The advancements made in aircraft control methodology and the tendency towards increasingly lighter aircraft structures open the opportunity to higher structural performance and aerodynamic efficiency. However, with the reduction of structure weight, the structure stiffness reduces typically, which makes the structure more susceptible to external dynamic loads. How the flexibility affects the dynamics of the system, in particular in closed-loop control, cannot always be determined in the early stage of the design process. This introduces uncertainties to the dynamic model and consequently leads to inaccurate performance evaluation. Our proposed approach to fully utilize the potential of the lighter aircraft structure is to actively morph it using distributed actuators commanded by a real-time multi-objective controller. In the literature, model-based feedback control methods are widely used for flexible structure motion suppression. However, the performance of model-based controllers is impaired by model uncertainties and external disturbances. Another challenge in flexible structure control is the real-time state estimation. Although accelerometers and strain gauges can be used to capture the structural vibrations, these sensors have to be installed within the structure, which increases the difficulties in maintenance. A potentially universal, model-free, and non-invasive approach is visual tracking. In combination with robust model-free control laws, this has the potential to create smart adaptive structures that are capable of vibration suppression. In this study, an adaptive model-free state estimation methodology based on visual feedback is developed and demonstrated in unison with a non-linear model-free robust control method in a closed-loop system. The experimental setup consists of high-speed GIGE cameras observing oscillations from a clamped beam subject to disturbances at 140 Hz. The task of the controller is to reject the disturbances through a shaker input under the presence of parametric model uncertainties and external disturbances. The visual tracking utilizes adaptive estimation utilizing high-speed KCF (Kernelized Correlation Filter) tracking and an AEKF (Augmented Extended Kalman Filter) with augmented time-varying mass, stiffness, and damping states. The inclusion of the augmented Kalman filter adds robustness to occlusion and model uncertainties. The nonlinear model-free control method is developed in the incremental control framework, hybridized with sliding mode control for robustness enhancement. The control effectiveness matrix used by the controller is adapted online. Furthermore, the state and state derivative feedback signals are provided by the visual system in real-time. This research is a part of the Smart-X wing project, which represents an autonomous smart morphing wing that is capable of in-flight performance optimisation of multiple objectives. It is shown in this research that the combination of adaptive visual tracking and robust control shows how a flexible uncertain structure can be transformed into a controlled adaptive smart structure. This combination of visual tracking and control shows great potential for robust and model-free stabilization and vibration suppression. Further uses of the methodology are discussed for use in tracking problems for flexible and aeroelastic structures.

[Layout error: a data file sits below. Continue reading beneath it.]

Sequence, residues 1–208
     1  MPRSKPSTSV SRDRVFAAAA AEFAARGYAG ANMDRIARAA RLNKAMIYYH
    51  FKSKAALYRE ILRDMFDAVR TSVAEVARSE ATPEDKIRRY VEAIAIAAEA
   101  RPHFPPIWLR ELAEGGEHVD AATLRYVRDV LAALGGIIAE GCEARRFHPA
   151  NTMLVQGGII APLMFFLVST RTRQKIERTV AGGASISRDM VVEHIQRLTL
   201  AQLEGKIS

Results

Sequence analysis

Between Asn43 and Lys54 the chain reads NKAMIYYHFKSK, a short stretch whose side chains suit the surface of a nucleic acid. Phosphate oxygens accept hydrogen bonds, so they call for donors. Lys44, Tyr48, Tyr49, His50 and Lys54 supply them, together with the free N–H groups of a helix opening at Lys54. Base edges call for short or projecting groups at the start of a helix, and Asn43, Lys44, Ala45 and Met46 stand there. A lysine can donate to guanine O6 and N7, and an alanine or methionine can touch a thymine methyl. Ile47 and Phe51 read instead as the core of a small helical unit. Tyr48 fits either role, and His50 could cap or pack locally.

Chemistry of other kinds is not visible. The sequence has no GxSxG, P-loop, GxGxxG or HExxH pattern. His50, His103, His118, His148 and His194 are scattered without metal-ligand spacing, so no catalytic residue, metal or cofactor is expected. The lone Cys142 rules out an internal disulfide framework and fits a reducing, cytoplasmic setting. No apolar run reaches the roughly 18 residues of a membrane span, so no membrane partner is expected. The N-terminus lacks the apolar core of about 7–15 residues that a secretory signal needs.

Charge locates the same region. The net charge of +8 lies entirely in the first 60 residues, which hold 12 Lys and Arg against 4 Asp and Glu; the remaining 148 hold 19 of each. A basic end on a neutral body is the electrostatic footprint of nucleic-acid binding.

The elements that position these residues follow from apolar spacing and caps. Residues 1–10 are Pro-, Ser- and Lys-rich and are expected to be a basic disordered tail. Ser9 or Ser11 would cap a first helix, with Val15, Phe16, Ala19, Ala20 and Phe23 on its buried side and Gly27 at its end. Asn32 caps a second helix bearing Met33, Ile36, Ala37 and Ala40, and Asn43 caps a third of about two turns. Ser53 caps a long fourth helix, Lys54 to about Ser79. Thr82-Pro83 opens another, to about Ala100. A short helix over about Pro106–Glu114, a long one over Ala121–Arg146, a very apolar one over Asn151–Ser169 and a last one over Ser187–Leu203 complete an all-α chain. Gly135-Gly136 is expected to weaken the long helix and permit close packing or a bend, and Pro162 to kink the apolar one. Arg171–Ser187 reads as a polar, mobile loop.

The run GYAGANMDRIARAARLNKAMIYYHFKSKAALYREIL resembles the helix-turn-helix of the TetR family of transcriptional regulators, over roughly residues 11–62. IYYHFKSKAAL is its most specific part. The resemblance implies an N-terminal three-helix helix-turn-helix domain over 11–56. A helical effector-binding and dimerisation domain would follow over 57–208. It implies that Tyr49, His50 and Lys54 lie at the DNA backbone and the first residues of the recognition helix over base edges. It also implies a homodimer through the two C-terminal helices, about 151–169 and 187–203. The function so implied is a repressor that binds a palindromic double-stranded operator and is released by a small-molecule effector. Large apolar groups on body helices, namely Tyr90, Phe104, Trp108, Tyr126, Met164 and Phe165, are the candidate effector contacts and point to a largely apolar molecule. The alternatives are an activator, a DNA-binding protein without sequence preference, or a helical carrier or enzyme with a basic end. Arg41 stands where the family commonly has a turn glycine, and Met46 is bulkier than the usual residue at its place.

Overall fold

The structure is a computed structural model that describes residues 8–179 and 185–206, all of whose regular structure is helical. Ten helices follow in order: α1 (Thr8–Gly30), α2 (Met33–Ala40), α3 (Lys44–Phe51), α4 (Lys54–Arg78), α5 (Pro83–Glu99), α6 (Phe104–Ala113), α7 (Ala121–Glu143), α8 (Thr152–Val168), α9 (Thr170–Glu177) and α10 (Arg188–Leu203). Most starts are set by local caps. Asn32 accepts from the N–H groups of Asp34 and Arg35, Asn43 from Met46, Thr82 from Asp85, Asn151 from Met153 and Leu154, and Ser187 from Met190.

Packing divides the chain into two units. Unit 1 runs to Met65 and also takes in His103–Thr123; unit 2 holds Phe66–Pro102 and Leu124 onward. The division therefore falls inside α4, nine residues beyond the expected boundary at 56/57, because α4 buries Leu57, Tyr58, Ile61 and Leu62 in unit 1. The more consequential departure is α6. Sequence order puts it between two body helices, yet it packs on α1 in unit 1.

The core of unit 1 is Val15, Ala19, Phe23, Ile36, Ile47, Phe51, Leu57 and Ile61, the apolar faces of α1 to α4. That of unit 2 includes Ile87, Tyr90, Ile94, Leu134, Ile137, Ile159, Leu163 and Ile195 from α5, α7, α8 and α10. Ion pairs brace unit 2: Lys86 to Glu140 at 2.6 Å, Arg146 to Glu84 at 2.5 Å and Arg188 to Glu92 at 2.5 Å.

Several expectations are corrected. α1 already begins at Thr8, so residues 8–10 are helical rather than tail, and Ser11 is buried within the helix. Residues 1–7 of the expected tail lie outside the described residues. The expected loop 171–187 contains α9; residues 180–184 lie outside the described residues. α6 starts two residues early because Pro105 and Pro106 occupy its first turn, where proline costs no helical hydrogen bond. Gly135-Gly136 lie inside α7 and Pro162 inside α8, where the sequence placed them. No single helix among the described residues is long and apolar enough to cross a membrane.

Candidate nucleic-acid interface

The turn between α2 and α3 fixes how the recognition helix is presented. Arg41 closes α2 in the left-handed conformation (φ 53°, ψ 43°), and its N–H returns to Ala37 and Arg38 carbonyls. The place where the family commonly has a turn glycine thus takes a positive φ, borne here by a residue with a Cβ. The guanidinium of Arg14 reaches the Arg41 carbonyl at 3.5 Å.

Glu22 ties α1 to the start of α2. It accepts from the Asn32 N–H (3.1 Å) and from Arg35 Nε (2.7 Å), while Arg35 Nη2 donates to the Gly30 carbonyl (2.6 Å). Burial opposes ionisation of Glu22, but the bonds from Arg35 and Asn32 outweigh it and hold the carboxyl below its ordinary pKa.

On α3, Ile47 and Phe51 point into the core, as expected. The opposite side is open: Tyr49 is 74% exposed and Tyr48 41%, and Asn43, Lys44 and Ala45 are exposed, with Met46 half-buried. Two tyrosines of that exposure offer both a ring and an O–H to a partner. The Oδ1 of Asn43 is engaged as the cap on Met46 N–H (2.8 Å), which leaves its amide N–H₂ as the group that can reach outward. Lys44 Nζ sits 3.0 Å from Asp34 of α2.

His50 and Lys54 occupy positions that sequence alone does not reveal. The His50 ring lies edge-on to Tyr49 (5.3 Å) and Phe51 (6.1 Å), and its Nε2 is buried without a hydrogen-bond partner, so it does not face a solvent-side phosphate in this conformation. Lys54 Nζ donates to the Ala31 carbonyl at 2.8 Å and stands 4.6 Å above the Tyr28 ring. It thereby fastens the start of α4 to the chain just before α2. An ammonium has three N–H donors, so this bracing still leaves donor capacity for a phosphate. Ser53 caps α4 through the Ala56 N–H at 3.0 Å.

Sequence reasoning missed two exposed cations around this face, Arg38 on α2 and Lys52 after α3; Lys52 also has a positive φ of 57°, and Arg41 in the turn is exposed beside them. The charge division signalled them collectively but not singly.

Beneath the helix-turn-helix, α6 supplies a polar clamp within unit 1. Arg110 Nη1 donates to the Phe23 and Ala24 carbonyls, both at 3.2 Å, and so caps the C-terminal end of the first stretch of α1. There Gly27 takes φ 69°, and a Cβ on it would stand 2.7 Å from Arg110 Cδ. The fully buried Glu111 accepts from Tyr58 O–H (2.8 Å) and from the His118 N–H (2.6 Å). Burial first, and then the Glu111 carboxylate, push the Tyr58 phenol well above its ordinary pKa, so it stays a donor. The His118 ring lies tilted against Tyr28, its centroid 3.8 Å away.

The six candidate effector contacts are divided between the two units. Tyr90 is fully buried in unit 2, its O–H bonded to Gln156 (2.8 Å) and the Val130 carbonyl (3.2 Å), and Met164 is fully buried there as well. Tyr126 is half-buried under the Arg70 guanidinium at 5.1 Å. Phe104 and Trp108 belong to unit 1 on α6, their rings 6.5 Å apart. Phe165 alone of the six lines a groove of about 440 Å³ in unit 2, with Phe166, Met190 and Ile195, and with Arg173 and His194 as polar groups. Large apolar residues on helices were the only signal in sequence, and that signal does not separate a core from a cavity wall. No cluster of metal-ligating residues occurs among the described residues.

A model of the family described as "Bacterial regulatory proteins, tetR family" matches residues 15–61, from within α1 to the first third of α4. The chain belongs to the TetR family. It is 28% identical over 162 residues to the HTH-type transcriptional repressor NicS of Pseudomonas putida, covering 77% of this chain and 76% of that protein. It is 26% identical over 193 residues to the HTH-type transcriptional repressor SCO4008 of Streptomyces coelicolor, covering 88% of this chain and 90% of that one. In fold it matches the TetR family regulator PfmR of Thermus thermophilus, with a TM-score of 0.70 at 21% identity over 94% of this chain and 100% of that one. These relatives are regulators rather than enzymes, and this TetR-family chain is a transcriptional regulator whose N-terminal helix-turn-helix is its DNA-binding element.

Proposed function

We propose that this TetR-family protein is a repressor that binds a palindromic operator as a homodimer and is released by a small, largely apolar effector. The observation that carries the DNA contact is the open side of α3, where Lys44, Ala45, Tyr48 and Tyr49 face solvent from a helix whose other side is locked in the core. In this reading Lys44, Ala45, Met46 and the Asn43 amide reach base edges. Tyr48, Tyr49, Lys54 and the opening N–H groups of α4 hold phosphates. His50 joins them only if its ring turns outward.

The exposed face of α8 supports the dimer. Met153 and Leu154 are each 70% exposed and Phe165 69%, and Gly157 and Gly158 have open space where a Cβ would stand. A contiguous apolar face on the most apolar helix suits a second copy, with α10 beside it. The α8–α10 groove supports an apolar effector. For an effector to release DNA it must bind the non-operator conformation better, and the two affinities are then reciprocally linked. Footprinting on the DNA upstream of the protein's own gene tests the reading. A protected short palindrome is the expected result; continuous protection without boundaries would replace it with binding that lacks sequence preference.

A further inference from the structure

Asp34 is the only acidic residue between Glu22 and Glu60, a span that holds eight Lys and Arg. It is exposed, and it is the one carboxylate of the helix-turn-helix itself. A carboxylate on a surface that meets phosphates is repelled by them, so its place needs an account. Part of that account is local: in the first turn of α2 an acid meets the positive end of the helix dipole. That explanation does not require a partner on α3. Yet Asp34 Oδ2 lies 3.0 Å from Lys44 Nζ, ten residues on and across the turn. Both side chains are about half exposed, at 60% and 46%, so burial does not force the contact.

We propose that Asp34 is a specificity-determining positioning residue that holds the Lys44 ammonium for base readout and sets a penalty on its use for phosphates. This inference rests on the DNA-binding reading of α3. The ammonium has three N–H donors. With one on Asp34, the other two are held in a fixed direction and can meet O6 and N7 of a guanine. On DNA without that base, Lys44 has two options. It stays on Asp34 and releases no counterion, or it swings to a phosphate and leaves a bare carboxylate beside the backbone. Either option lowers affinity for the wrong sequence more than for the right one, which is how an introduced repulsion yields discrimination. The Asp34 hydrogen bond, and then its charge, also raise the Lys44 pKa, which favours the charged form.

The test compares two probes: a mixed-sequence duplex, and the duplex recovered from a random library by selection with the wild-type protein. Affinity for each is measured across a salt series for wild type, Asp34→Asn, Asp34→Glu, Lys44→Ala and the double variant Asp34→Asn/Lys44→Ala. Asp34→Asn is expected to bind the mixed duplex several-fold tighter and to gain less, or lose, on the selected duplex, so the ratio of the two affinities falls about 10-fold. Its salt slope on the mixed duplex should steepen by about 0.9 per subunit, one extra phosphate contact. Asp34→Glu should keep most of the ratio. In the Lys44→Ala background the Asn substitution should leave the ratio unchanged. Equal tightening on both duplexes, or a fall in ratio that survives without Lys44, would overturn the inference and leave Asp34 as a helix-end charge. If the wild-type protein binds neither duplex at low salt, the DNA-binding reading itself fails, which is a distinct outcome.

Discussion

|Number of pages||40|
|Publication status||Published - 2020|
|Event||ASME 2020 Conference on Smart Materials, Adaptive Structures and Intelligent Systems, SMASIS 2020 - Virtual/online event due to COVID-19 |
Duration: 15 Sep 2020 → 15 Sep 2020
|Conference||ASME 2020 Conference on Smart Materials, Adaptive Structures and Intelligent Systems, SMASIS 2020|
|Period||15/09/20 → 15/09/20|